Glynn MooreNews editor and local columnist for The Augusta Chronicle.

Candidates should be seen, not heard

Like you, I have been receiving a lot of political phone calls lately. Usually in the evening, about suppertime. Usually recordings. Usually obnoxious ones.

When the phone shows that the incoming call is from “Anonymous” or “Pri­vate caller,” I don’t answer it. But then, that’s my policy all the time, not just during elections.

If you don’t have the pride to identify yourself when calling, you don’t need to be calling. Not calling me, anyway. Say hello to my voicemail.

Whenever I do get suckered into picking up the phone, callers have one chance to make a good impression. The same goes for their commercials. If the first one I hear is pandering to the lowest common denominator (and of course, it is), then they shouldn’t expect me to listen as the commercial is repeated ad nauseum.

Here’s the deal. All those calls and commercials have been carefully planned out and, of course, we know that “I approved this message.” If their message is wrong now, we can’t expect them to get things right when they’re speaking off the cuff on the campaign trail.

I’m not a political animal, though, and to me, it’s not really what they say – they’re all going to say they grew up loving America and guns – but it’s how they say it. Their gobbledygook usually stops me before I can hear their political message. Hmmm, maybe that’s for the better.

For instance, politicians love to rag on Washington. They’re going to sweep into that town and clean up Amer­ica. And this is often from people who have been in federal office for years!

A couple of candidates this time around have lost my potential vote already because they said they “grew” a business. Now, they might have grown a crop, and they might have grown a foot that summer when they were 13. But I’ve never seen anyone grow a business. Built it, yes, or expanded it, or doubled its size.

If they’re calling to tell me they grew a business, they’d better show me a field where little offices or assembly lines have sprouted up.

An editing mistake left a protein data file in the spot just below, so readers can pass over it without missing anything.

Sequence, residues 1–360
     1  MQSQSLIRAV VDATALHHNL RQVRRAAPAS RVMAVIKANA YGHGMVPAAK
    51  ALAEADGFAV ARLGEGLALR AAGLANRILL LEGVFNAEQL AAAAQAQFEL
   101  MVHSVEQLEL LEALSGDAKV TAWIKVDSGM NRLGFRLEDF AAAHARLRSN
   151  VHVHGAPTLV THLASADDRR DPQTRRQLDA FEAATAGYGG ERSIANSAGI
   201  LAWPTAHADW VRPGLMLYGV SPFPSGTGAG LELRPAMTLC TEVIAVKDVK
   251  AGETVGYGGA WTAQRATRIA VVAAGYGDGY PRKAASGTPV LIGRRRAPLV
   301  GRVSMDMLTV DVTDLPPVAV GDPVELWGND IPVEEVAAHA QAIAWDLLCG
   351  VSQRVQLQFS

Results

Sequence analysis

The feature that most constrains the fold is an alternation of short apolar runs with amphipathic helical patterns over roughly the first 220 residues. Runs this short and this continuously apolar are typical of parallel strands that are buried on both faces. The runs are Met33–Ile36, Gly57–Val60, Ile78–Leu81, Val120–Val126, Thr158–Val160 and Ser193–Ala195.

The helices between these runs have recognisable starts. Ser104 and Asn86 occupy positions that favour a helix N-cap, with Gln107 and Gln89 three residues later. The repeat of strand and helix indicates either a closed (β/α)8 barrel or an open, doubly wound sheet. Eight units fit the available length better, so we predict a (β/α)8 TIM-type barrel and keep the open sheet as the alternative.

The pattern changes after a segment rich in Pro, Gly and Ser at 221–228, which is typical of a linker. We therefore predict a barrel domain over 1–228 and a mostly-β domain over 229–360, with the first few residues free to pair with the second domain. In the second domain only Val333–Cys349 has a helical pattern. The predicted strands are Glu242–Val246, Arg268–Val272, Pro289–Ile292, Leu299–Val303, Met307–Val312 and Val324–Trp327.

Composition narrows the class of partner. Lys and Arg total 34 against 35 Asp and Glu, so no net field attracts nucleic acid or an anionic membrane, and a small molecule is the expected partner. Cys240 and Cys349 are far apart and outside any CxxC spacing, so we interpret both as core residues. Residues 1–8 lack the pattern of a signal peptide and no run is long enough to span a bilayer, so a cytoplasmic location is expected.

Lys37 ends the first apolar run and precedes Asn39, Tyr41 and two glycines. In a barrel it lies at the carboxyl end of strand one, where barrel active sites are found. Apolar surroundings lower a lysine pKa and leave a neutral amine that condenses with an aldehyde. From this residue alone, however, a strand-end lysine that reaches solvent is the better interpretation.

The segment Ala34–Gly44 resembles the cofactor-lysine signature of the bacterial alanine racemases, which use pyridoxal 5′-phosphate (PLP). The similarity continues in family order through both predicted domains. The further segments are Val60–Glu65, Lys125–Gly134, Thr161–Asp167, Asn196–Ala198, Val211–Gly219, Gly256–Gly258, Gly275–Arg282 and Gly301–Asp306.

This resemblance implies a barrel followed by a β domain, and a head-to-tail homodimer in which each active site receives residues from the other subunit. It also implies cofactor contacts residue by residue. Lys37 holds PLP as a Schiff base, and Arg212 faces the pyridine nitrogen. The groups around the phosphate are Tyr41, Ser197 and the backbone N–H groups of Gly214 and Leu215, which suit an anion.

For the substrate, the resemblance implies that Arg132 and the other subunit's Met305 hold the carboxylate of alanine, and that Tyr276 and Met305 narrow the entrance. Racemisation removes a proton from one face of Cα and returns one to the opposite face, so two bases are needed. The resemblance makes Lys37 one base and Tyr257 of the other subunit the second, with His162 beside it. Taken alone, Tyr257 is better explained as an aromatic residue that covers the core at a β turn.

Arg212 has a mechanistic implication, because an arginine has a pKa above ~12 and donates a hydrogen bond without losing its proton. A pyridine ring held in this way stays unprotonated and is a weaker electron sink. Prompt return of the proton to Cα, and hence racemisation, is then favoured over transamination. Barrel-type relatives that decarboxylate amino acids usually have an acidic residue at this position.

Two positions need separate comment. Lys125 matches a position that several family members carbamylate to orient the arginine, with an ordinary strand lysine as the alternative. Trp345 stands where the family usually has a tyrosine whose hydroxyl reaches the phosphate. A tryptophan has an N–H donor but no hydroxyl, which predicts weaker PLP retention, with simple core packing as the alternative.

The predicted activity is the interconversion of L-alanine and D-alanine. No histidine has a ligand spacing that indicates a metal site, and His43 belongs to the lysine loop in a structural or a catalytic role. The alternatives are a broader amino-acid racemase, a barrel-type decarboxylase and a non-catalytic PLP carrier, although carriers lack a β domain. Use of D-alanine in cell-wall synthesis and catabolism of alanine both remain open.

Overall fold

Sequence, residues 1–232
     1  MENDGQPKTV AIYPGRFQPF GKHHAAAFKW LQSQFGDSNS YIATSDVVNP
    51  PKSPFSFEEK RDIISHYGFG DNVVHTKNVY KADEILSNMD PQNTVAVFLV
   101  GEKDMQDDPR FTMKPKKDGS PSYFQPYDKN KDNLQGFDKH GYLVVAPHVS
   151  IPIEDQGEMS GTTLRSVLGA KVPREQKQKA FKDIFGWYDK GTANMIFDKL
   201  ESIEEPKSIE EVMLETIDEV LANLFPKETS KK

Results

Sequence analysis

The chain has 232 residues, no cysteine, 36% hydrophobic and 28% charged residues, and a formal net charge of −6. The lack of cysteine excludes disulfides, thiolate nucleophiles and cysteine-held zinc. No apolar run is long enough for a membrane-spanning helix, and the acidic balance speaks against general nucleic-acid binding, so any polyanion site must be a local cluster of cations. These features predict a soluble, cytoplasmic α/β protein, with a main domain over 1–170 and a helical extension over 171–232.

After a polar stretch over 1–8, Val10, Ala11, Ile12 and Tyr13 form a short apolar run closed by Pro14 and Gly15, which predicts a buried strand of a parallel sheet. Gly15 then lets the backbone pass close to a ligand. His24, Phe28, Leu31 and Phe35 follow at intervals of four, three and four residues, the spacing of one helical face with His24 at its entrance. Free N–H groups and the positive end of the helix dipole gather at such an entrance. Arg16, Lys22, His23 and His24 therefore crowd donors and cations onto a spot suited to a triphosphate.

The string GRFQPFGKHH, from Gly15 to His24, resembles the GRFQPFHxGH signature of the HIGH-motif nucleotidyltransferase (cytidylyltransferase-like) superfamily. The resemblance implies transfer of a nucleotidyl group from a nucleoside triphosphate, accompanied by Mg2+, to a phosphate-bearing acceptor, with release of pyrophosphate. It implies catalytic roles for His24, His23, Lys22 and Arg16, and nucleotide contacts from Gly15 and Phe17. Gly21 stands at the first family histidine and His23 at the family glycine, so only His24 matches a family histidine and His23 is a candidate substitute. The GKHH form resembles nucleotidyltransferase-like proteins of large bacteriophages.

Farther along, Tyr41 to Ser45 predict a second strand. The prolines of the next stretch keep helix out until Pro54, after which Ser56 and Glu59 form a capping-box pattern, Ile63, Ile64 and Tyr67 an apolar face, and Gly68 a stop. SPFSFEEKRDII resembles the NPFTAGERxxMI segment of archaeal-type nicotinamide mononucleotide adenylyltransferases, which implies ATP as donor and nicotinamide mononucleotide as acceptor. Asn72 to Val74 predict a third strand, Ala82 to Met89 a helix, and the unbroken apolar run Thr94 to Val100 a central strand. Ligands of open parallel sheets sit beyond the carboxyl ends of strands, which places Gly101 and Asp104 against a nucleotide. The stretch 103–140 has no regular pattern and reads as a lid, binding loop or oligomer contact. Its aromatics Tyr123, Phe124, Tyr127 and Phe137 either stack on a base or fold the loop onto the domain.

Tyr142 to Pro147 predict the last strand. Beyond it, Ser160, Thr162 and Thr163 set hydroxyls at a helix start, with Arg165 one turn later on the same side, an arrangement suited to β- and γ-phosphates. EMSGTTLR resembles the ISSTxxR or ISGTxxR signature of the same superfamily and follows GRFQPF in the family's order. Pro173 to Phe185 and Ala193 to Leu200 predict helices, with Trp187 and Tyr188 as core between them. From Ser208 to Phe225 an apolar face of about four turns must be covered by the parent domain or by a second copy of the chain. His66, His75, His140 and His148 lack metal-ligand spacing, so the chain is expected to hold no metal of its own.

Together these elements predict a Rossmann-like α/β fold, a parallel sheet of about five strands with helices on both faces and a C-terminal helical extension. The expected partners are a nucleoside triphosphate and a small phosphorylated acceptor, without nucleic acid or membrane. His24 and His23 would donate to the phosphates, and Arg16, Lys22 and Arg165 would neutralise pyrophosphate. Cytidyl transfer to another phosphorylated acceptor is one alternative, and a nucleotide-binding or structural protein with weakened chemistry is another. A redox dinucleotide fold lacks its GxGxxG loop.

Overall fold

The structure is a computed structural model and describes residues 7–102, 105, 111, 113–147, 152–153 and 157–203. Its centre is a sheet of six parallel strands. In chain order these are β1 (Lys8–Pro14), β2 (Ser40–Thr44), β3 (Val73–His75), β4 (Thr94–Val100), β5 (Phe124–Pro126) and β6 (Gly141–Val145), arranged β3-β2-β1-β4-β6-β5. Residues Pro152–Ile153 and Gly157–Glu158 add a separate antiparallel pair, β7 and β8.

Another candidate dropped off my radar when he said he “partnered” with some group. Maybe he did work with that group, or join with it, but he just showed me how lazy he was by taking a perfectly good noun and using it as a verb. Such usage clogs the dictionaries, and we have enough lazy people in office already.

I’m hanging up on you. Click!

One candidate boasted to be “working to empower individuals and communities to make a difference by bringing people together in a collaborative way to solve problems and enact change.” What?

I know some wonderful people in office, and some who might do well if elected. I just think other candidates shouldn’t be allowed to open their mouths. These people should remain “Anonymous” until election day.

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ColCo 05/05/14 - 06:13 am
Approving the message

Mr.Moore, The "I Approve This Message" attribution indicates the candidate is responsible for the content of the message, which is required if the candidate wants to qualify to receive the lowest unit rate offered by television, radio and cable outlets. If that four word disclaimer is not included in the commercial in the candidate's voice, the message falls under the category of issue advertising, which the media can charge any rate they want, at least double the prevailing rate, sometimes much, much more. And yes I agree, some candidates should remain anonymous and fortunately, most who deserve to, will.

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